Editors' ChoiceBiochemistry

Staying in Charge

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Science's STKE  27 Mar 2007:
Vol. 2007, Issue 379, pp. tw109
DOI: 10.1126/stke.3792007tw109

Under normal conditions, the intracellular concentration of adenosine triphosphate (ATP) is on the order of 1 millimolar. Numerous enzymes and regulatory proteins rely on this universal currency of energy for anabolic, catabolic, and general housekeeping processes. One of the primary enzymes that regulates ATP levels is the AMP-activated protein kinase (AMPK), which senses the relative ratio of ATP to AMP. When this ratio falls, AMPK phosphorylates metabolic enzymes, which then consume less ATP and make more of it. Townley and Shapiro have solved the structure of the fission yeast AMPK homolog and demonstrate the competitive binding of ATP and AMP at a single nucleotide site, where the absence of counterions appears to amplify the discrimination between the mono- and triphosphate ligands.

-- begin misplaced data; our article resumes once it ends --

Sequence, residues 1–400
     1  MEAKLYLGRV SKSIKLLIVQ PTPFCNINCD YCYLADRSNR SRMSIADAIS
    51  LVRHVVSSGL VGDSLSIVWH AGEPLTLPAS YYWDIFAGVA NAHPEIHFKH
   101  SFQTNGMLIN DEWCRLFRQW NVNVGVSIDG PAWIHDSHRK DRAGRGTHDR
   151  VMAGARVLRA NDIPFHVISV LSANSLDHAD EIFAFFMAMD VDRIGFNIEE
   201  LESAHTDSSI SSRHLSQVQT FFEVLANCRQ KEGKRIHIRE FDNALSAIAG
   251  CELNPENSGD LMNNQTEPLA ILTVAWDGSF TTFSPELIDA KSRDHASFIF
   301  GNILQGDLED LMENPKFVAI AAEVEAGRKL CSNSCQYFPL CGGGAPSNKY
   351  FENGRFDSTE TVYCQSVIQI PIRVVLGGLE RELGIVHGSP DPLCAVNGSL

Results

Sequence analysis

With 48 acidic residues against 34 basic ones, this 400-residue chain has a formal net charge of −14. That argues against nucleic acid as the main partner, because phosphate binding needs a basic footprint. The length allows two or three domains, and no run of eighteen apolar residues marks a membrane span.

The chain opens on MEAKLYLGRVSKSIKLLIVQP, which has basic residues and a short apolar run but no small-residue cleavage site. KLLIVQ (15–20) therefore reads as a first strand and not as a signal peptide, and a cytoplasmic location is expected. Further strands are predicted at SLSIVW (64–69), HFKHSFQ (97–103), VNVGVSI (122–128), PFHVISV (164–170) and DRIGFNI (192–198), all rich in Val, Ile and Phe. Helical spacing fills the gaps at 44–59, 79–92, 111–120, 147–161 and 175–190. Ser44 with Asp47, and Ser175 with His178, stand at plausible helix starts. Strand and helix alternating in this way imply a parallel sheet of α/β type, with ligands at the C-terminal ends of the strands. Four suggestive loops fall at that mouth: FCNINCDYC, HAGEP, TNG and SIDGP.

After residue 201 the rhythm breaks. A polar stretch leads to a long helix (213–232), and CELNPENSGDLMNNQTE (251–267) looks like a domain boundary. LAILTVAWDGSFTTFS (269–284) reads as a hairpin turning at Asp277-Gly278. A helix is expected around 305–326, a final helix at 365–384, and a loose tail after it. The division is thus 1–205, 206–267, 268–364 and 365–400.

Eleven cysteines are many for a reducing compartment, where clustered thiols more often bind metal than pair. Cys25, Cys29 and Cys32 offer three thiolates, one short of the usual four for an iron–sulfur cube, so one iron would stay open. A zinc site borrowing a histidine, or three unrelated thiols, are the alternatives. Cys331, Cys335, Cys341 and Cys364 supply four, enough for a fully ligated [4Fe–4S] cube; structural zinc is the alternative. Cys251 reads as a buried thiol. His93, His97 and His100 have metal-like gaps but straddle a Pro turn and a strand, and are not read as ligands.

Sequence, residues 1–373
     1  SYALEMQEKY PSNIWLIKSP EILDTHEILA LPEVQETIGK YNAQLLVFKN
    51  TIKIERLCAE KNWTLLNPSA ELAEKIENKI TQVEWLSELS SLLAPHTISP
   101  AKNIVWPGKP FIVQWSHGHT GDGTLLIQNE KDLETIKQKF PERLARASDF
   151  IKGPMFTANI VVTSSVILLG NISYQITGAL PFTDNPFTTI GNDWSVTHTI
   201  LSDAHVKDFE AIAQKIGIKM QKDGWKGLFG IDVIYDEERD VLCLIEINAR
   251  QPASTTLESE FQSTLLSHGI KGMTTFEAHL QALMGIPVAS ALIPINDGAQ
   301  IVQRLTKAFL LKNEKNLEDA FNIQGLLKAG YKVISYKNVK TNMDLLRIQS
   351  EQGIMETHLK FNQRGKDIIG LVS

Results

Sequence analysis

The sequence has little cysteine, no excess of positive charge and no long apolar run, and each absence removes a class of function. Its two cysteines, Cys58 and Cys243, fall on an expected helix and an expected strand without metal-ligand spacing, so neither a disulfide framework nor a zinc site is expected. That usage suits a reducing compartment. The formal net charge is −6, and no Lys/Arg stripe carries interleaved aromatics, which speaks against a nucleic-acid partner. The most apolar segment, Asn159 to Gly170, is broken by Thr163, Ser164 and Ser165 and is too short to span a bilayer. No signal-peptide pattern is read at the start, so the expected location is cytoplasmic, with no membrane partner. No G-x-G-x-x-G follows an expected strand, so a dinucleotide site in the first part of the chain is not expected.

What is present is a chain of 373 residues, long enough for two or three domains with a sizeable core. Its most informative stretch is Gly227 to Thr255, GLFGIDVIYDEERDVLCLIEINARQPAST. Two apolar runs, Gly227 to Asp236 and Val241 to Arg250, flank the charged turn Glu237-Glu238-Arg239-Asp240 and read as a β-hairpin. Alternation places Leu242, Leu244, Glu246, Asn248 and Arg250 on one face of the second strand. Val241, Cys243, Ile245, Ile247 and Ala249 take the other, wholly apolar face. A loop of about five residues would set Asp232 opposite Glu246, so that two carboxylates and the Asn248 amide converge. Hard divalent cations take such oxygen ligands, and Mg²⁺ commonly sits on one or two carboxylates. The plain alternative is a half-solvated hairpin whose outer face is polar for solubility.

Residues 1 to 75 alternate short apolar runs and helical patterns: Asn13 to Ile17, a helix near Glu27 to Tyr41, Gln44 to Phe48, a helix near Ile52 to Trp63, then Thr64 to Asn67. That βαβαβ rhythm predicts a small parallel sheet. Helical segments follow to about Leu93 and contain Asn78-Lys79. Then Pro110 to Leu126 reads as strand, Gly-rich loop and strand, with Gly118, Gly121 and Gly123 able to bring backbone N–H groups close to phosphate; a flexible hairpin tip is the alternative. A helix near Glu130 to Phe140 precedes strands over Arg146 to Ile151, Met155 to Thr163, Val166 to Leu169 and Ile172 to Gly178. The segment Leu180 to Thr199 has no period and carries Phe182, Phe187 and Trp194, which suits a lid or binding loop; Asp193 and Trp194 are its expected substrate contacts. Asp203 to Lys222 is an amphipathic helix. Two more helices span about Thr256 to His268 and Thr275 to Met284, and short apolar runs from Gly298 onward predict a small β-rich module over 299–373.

R. Townley, L. Shapiro, Crystal structures of the adenylate sensor from fission yeast AMP-activated protein kinase. Science 315, 1726-1729 (2007). [Abstract] [Full Text]

D. G. Hardie, Balancing cellular energy. Science 315, 1671-1672 (2007). [Summary] [Full Text]

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